I still have my Grandfathers 65 F-100 that he bought new. The first year of the twin I-beam. I just gifted it to my son upon his graduation from college.
GFaRT, you are right on the money with your analysis of that front end. If you install it properly so the camber is where you want it at ride height, you won't have a problem. It also goes negative in bump which is what you want. Toe wear won't be a problem if all the steering linkage is tight, just like on any other car. You could add an anti-roll bar, (my son and I plan on doing that to Grandpa's truck), and weight jacks on the coil spring were also in the plan to fine tune ride height. Static camber on my Gramps old truck is about 1/2 degree positive, so one plan we had was to redrill the inner beam pivot up as far as we could (about 3/4") and then adjust the truck down with the weight jacks until we are sitting at about 1/2 degree negative on the camber. That should lower the truck about 1 1/2" to 2" with no other modifications. Then maybe add power steering and it will then be good to go.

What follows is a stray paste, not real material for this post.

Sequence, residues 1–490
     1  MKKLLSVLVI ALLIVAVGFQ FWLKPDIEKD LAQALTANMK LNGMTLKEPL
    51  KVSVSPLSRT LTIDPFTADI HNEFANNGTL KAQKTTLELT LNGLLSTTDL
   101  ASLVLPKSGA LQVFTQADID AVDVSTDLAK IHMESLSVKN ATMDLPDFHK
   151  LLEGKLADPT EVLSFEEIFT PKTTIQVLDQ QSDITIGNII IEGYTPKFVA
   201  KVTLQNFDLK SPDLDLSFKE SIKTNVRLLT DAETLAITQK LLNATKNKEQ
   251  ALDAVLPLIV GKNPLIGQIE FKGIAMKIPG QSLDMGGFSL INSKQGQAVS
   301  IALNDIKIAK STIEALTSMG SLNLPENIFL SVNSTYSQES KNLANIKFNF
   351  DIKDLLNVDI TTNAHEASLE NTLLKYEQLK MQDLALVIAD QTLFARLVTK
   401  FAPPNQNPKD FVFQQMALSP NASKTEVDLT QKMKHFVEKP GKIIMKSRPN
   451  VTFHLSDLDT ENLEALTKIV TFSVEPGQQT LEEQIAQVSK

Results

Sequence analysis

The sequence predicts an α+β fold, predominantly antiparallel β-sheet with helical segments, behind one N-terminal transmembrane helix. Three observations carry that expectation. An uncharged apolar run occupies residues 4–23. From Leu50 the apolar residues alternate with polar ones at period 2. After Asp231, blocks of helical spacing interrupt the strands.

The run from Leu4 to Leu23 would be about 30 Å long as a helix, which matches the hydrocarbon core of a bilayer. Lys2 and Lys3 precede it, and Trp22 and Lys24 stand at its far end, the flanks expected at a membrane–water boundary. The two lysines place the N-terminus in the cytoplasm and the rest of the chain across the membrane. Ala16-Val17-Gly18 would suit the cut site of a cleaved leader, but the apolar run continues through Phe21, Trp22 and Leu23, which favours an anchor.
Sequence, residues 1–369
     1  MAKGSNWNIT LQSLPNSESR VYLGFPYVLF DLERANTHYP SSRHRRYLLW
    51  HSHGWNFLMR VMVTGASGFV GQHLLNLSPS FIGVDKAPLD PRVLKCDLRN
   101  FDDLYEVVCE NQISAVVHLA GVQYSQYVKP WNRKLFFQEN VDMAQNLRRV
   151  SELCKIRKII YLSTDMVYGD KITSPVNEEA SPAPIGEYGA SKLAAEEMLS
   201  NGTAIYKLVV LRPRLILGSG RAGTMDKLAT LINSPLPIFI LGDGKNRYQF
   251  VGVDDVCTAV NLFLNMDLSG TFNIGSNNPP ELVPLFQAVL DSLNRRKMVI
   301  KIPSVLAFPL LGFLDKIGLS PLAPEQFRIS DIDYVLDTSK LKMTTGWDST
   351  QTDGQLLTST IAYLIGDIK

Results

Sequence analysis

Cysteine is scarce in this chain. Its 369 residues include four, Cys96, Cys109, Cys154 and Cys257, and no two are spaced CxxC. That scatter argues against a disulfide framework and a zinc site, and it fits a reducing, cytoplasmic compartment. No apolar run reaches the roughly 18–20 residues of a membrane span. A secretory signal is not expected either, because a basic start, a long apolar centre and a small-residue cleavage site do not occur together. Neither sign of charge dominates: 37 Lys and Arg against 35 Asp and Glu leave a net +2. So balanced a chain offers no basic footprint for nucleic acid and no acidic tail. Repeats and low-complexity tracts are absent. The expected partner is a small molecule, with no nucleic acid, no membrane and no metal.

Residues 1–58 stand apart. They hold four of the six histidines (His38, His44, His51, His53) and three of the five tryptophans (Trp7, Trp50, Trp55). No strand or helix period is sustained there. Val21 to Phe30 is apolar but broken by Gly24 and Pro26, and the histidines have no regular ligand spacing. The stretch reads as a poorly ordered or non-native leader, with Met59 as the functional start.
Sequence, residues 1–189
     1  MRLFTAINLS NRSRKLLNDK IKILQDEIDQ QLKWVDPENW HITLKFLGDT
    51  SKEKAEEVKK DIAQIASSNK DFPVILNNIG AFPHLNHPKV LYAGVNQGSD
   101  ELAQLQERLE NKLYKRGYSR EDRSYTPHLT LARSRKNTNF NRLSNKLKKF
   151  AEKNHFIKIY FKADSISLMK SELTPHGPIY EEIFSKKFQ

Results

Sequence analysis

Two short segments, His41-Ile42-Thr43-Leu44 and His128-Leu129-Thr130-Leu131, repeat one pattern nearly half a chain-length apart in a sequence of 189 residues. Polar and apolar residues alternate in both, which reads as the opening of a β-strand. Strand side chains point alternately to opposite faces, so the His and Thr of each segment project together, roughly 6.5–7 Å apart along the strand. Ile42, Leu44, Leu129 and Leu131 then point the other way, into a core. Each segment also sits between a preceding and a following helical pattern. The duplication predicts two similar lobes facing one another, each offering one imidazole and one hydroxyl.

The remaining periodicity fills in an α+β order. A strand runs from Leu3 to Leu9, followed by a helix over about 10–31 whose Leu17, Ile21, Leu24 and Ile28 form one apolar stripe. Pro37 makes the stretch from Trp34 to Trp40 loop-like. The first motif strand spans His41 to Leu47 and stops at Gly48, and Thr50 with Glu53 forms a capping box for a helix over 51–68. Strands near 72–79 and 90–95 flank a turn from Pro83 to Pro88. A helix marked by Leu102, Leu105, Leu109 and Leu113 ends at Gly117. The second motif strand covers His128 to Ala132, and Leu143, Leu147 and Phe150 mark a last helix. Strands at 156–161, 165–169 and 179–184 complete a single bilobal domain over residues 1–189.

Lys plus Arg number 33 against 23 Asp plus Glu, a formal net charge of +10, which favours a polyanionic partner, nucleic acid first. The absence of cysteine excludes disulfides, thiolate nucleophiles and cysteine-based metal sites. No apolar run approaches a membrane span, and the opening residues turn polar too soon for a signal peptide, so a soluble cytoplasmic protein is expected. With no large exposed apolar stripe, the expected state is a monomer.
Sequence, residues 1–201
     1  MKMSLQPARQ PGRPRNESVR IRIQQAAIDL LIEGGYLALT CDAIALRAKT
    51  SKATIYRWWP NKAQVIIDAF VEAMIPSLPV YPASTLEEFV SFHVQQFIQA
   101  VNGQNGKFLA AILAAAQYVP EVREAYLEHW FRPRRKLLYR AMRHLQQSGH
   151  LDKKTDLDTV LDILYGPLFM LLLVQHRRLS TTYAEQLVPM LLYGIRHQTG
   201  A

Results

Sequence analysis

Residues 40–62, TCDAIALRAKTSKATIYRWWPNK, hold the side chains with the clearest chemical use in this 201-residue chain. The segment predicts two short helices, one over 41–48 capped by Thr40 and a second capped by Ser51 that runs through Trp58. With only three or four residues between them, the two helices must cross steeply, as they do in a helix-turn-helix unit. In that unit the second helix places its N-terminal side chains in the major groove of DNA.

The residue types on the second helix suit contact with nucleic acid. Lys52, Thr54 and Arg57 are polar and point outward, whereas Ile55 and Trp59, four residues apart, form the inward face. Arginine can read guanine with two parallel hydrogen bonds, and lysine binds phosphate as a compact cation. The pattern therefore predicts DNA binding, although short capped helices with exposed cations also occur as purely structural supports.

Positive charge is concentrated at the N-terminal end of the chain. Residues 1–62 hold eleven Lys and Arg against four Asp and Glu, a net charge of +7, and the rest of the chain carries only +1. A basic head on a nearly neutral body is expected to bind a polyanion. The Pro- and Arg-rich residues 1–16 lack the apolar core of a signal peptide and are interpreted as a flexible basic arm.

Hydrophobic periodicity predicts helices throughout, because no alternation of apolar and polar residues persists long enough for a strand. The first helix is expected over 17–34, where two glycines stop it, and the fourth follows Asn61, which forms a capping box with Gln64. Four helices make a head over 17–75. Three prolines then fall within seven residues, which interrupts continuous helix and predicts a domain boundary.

Folks say that those old Chevy's are heavy. What is heavy on those old cars is the engines and cast iron transmissions. The frames and the bodies are actually quite light. Have you weighed your car? I would have no concerns putting a Mustang II in one of those, and have many times. Mustang II's aren't that light either I might add. All that 5 mph bumper crud, V-8's in many of them, hundreds of pounds of ugly simulated leather upholstery and plastic door panels, and don't forget the padded vinyl tops!
Re-drill the flanges if you want to change the bolt pattern. Not a big deal...